Review by MetroidSuperfan

Reviewed: 02/21/06

The first game, but with improvements

Descent II is the sequel to the highly popular Descent. Descent was originally created to provide competition to Doom (there is a pretty funny commercial, which you can still find on-line, comparing Descent to Doom), and people loved it. Its main selling point was that it offered full-range movement. Think space sim plus FPS and you got Descent. Closed-in, sprawling levels, deadly floods of killer robots, and very good graphics (for its time) all combined to make a game that is still enjoyed today, when it is over a decade old.

Descent II took everything about Descent and made it better. Twice the weapons, twice the secret levels, and many more varieties of robots. It took the original weapon set of the first game and added new counterparts to each weapon. I won't bore you with a list, but among the new weapons are: Flash missiles, which can blind your opponent, Smart Mines, which sent out heat-seeking projectiles after getting blown up, and wildly ricocheting Phoenix cannons. It also took you out of the Sol system, and into imaginary systems that each have a theme, such as water, fire, or ice.

It also introduced two new robot classes: the Guidebot and TheifBot.

The Guidebot people had mixed reactions about. It is the only friendly robot in the mine. After you free it from its holding cell, it will guide you through the mines, leading you to different keys, reactors, exits. You could tell it to find energy or shields, the hostages, all your stuff from when you last died, or even to stay away from you if it was being annoying. But one thing many people enjoyed about Descent was exploration, and the Guidebot took away from that.

The ThiefBot was THE. SINGLE. MOST. IRRITATING. robot of all time. There was one per level, and it alone could open doors to travel anywhere (even secret passages) so it could appear and disappear without a trace in about ten seconds. It would follow you through the mines, sneak up behind you and steal your items. Then if you chased it it would fly erratically, very hard to shoot, and zoom away on a wild goose chase through the mines, until you gave up or it was destroyed. But its sheilds are so powerful most people give up.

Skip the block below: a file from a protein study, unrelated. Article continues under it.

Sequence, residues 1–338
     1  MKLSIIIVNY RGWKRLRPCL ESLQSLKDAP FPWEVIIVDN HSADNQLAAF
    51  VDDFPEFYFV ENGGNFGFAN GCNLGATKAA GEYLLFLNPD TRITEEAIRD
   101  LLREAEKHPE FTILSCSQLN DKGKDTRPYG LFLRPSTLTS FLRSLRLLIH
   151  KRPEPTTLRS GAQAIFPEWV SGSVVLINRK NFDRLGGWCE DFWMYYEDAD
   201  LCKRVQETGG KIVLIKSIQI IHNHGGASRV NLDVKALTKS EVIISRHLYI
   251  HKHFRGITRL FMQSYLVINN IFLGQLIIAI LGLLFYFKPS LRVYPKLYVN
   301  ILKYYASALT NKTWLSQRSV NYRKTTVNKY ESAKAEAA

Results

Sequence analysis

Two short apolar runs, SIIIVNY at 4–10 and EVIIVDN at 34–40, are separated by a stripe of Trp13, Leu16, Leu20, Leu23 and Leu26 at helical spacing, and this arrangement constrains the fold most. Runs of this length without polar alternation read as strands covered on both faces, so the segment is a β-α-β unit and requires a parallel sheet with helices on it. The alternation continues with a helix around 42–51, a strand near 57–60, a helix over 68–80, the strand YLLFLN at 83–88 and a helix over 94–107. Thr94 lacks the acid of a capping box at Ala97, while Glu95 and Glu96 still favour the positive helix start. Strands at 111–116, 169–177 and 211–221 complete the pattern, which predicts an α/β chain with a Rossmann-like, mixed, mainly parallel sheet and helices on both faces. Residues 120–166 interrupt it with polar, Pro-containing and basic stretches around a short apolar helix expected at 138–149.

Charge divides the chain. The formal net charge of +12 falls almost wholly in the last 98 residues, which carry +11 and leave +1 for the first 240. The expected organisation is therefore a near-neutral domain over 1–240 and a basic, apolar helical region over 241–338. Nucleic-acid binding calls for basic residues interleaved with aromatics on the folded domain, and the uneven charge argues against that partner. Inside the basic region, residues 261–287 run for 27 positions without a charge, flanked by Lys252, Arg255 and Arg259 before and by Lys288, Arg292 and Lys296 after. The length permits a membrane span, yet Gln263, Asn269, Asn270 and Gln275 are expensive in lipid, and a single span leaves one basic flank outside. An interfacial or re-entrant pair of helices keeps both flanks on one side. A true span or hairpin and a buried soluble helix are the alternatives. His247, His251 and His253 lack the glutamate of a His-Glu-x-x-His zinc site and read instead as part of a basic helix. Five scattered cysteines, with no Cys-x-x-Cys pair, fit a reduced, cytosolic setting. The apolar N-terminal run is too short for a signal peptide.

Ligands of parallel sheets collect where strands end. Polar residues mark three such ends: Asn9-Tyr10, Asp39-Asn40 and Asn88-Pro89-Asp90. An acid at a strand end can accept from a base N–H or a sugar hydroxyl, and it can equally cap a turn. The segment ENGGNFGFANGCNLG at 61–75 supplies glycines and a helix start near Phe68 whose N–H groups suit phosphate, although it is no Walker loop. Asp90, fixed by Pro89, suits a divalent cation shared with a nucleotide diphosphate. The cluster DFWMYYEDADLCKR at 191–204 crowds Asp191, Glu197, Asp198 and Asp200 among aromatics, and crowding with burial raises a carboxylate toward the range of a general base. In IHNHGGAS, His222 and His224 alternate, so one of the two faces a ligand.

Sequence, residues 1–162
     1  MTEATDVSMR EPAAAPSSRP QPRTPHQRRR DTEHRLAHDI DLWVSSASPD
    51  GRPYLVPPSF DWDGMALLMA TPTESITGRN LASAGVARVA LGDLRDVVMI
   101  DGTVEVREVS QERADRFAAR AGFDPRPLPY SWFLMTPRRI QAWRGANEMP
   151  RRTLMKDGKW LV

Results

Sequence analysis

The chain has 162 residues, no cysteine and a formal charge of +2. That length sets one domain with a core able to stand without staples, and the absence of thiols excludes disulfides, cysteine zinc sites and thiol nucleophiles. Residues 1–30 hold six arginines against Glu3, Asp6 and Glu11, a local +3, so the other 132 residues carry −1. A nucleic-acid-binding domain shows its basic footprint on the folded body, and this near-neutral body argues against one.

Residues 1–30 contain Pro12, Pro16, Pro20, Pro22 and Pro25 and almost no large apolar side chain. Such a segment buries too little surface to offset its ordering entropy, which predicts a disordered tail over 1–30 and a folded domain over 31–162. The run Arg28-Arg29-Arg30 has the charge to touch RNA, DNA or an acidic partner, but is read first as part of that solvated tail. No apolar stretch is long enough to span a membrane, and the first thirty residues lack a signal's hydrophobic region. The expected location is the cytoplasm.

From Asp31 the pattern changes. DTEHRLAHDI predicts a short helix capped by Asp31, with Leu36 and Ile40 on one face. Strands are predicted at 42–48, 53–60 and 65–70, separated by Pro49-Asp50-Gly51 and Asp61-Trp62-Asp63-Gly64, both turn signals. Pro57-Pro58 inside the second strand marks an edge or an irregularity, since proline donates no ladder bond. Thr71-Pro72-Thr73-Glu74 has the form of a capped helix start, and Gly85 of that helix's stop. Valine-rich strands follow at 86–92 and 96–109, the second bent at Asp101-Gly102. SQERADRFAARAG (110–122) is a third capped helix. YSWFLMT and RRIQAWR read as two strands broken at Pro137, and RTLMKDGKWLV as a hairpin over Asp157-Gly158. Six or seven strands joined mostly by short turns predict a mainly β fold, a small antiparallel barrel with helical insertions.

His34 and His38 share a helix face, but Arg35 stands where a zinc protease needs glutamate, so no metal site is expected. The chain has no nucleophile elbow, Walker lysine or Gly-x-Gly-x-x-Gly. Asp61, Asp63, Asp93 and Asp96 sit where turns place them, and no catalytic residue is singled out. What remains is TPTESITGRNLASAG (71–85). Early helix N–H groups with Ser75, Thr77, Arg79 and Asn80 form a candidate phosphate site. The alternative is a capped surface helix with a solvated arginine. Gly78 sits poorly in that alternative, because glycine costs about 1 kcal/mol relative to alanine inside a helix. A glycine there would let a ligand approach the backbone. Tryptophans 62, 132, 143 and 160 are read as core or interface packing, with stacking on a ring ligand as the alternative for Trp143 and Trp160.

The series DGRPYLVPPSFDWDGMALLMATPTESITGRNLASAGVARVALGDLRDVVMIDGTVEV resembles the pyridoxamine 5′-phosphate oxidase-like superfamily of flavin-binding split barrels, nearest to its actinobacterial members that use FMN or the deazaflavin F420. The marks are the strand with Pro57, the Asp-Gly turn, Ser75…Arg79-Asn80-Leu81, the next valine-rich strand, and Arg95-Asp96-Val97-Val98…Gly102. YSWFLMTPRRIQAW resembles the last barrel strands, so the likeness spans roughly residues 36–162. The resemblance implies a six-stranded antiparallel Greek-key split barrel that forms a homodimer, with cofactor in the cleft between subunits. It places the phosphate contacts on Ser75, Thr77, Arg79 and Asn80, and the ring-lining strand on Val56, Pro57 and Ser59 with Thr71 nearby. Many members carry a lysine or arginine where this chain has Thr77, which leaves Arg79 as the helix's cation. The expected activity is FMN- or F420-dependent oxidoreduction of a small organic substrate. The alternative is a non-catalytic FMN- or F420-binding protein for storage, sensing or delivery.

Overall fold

Vertigo and disorientation are the two popular complaints about Descent. The fact that you can move in ANY direction, literally any direction, makes some people motion-sick. It helps though, if you use the technique described in Ender's Game: get rid of the up/down orientation. Stop thinking in terms of up and down, and just accept where things are. Don't confuse one room with another simply because you're upside-down or sideways or some combination of the two. Next most popular complaint: getting lost. Some gamers out there (like me) enjoy getting lost in games. If you don't, use the guide bot. Problem solved.

Anyway, the game follows a simple formula: enter mine, blow stuff up, collect items and weapons, enter high-security Red area, blow up nuclear reactor, then RUN to the emergency exit. Every single level follows this pattern. But you have hundreds of robots per mine to deal with, and often indestructible robot generators that can pump out a bot every three seconds. Very annoying and dangerous. The robots' AI isn't all that complicated: they follow you, and shoot you, and dodge shots you throw at them. But it does increase with each difficulty level. Trainee (the easiest) is still a challenge, but Insane (the hardest) really is insane. Furthermore, there are plenty of puzzles, like secret doors, disappearing/appearing walls, force fields and doors that lock behind you. By blowing up control panels you can sometimes counteract these effects, other times you have to find a way around them. Believe me when I say this game is addictive. I still play it often, many years after it came out.

Please be nice to the game's graphics. Robots (and your ship) are 3-D models, but just about everything else is a sprite. Textures also seem... pixelated. But remember that this game is old. By about 7 or 8 years. For its time these were cutting-edge graphics. By today's standards they aren't the best though.

Doors opening sound like doors opening, touching lava (helpful hint: not a good idea) makes a bubbling, sizzling sound. Each weapon has its own sound effect. But now for the coup de grace: the robots. As a side effect of this crazy computer virus that makes them bloodthirsty, they make very, veeeery creepy shrieks, moans, and screams. It can truly freak you out if they come up on you unawares. And the computerized voice gave me nightmares (remember I was 7 when I first played this game). All in all, superb sound effects.

Music: Only four in-game soundtracks. Four. But don't worry they don't get repetitive. They are actually very good. Fast-paced and upbeat. The third soundtrack my friend praises as the best video game music in existence. So don't worry about the music, no problems there.

Replay: Finding and completing the six secret levels is a chore, as the secret levels are more booby-trap and puzzle intensive than the main game (that's saying something). Also the difficulty at the highest levels is.... well, difficult. Insanely frustrating on Insane too. Too bad the multiplayer is pretty much dead, I heard it was quite good.

Total Score: 8/10

Buy or Rent: I'd say rent first, then make a decision. Its one of those games you either like or don't, so give it a try. It should be pretty easy to find, for a used PC game.

Rating:   4.0 - Great

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